The botched rescue operation is widely credited with costing Carter re-election in a crushing defeat to former California Gov. Ronald Reagan during the 1980 presidential election. (Mark Bowden, the journalist best known for the story that became “Black Hawk Down,” authored a remarkable timeline of the operation of Operation Eagle Claw in a 2006 issue of The Atlantic).

But as our friends at Soldier Systems point out, their sacrifice was not in vain. In fact, it led to the development of the modern special operations capability we know today.

In May 1980, the Joint Chiefs of Staff commissioned a Department of Defense’s Special Operations Review Group to evaluate the underlying causes of the botched rescue mission, examining every stage from planning and organization to mission command and control. Led by former Chief of Naval Operations Adm. James L. Holloway III, the so-called Holloway Report concluded that the “ad-hoc nature” of Eagle Claw’s organization and planning created too much room for error.

The eight U.S. armed forces servicemen killed during Operation Eagle ClawPhoto via U.S. Air Force/DoD

The eight U.S. armed forces servicemen killed during Operation Eagle Claw

“By not utilizing an existing JTF organization,” Holloway and his fellow senior military officers wrote, “the Joint Chiefs of Staff had to start, literally, from the beginning to establish a JTF, create an organization, provide a staff, develop a plan, select the united, and train the force between the first mission capability could be attained.”

Within a few years, the Holloway report catalyzed not only a sweeping reorganization of the Department of Defense but the creation of the United States Special Operations Command, a unified command apparatus to ensure that a lack of inter-service communication didn’t yield another unforced error for special operators downrange.

Despite the perception of Operation Eagle Claw as a failure, the sacrifices of those eight American servicemen were not in vain. The botched mission “pointed out the necessity for a dedicated special operations section within the Department of Defense with the responsibility to prepare and maintain combat-ready forces to successfully conduct special operations,” as airman Luke Kitterman wrote Monday.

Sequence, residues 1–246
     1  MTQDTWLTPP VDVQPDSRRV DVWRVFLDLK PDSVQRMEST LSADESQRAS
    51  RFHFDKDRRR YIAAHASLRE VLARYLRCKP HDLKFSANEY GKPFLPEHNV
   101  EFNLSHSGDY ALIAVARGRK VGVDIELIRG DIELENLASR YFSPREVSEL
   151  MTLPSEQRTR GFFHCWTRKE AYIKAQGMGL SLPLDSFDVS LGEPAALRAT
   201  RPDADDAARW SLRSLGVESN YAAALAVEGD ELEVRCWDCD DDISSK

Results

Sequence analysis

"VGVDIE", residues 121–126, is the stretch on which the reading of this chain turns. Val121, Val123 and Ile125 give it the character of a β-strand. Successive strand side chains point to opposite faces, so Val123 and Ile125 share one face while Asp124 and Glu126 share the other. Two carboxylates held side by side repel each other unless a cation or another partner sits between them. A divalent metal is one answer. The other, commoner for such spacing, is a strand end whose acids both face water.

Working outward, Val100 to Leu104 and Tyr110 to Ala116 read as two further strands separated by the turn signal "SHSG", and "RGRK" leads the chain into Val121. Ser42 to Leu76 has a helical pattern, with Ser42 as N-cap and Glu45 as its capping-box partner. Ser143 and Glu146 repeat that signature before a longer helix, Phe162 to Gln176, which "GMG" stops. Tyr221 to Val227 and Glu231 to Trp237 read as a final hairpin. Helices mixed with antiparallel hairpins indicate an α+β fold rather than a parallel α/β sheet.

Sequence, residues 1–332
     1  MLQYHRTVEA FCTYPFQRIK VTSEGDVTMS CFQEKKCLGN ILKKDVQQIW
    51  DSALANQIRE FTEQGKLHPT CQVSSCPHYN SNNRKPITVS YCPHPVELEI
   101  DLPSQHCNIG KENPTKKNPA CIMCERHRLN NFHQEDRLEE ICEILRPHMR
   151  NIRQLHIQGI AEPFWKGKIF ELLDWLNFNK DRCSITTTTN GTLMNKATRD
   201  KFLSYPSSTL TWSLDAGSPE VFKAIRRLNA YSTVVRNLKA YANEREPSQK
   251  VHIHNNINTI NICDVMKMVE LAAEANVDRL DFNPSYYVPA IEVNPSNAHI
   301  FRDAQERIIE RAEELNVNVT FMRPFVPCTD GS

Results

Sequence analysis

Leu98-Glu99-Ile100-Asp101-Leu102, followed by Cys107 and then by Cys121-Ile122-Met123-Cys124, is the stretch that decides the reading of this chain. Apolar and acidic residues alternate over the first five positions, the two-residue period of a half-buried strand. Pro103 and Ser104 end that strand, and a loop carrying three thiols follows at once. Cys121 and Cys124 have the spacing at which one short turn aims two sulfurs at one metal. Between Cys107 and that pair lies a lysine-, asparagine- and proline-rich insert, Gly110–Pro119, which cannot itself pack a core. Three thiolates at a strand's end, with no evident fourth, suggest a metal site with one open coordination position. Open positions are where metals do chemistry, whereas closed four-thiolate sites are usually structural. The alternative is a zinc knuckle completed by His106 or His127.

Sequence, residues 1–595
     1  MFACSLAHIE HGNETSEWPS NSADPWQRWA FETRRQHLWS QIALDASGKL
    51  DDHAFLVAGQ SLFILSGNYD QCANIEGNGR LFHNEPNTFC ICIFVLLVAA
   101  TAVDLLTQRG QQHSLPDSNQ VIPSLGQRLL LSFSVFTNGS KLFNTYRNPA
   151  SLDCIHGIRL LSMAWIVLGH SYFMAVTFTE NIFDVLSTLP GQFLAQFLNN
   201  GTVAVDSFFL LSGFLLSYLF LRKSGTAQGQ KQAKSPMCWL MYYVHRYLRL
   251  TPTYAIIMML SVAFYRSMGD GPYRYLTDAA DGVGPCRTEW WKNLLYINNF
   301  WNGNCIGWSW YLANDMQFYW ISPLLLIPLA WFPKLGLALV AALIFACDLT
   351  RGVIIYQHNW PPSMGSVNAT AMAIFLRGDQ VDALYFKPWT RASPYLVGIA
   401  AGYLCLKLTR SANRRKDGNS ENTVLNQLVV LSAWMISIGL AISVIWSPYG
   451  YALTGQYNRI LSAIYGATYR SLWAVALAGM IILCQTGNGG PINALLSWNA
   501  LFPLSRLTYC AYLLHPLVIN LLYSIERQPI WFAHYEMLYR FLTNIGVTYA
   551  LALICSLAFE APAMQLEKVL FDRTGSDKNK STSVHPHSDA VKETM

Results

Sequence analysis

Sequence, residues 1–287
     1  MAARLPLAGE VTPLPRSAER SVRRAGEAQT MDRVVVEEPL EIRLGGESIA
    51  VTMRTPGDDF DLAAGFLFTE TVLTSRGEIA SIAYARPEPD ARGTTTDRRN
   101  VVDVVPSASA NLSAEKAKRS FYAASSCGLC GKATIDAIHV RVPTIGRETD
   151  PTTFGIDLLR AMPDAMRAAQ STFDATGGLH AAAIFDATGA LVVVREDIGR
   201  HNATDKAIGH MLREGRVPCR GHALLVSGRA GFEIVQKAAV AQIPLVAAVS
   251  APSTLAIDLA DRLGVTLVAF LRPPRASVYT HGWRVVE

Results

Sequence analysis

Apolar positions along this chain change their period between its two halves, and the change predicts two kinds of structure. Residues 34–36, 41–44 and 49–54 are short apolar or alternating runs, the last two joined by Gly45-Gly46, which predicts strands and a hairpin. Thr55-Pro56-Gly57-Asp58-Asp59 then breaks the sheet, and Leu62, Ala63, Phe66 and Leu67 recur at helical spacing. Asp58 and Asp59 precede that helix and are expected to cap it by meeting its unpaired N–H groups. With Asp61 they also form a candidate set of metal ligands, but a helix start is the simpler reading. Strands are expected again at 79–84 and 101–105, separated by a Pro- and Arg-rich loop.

Without that failed mission, we likely wouldn’t have elite units like Delta Force, Army Rangers, Navy SEALs on the front lines of the Global War on Terror. Those eight servicemen may have died without firing a shot, but without them, U.S. special operations wouldn’t be what it is today.

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This Running Back-Turned-Soldier Is Trying To Return To Football

After four years as a U.S. soldier, and seven years away from the NFL, Glen Coffee is trying to return to football, the NFL Network reports.

Coffee played briefly for the San Francisco 49ers as a running back after being drafted in the third round of the 2009 NFL draft from the University of Alabama.

In his lone season as a pro football player, Coffee put up decent numbers as a backup. He ran for 226 yards on 83 carries, and added 76 receiving yards over 11 receptions. He found the end zone once.

But after that season, Coffee unexpectedly retired. He would later say he fell out of love with football.

In 2015, the Washington Post’s Dan Lamothe stumbled upon Coffee when Lamothe was covering the first group of women to attend the Army’s elite Ranger school. Lamothe reported that Coffee had planned on joining Special Forces, but wound up assigned as a paratrooper at Ranger School. He now works for 6th Ranger Training Battalion in the waterborne operations section, according to Lamothe. 

“I just felt like the league and that path wasn’t for me,” Coffee told Lamothe. “I just knew that I didn’t want to waste, for me, my younger years doing something that I didn’t want to do. That was kind of my viewpoint on the situation.”

But now, out of the Army, Coffee wants to see if he can play football again. After he came out of retirement on April 21, the 49ers promptly waived their rights to his contract, making the soon-to-be 30-year-old a free agent. With a running back-rich NFL draft fast approaching on April 30, it remains to be seen how much interest Coffee will garner on the free-agent market.

One advantage he may have? Coffee told Lamothe that the Army put him in better shape than football ever did.

“My cardio and endurance is definitely a lot better right now,” he said. “Because in football, you’re not really in shape. People think you’re in shape, but you’re really not. Not like that.”

CORRECTION: This article incorrectly referred to Coffee as a Ranger in the headline. He works for 6th Ranger Training Battalion in the waterborne operations section, but is not a Ranger himself. (Updated: 4/24/2017; 5:54 pm)

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This Running Back-Turned-Army Ranger Is Trying To Return To Football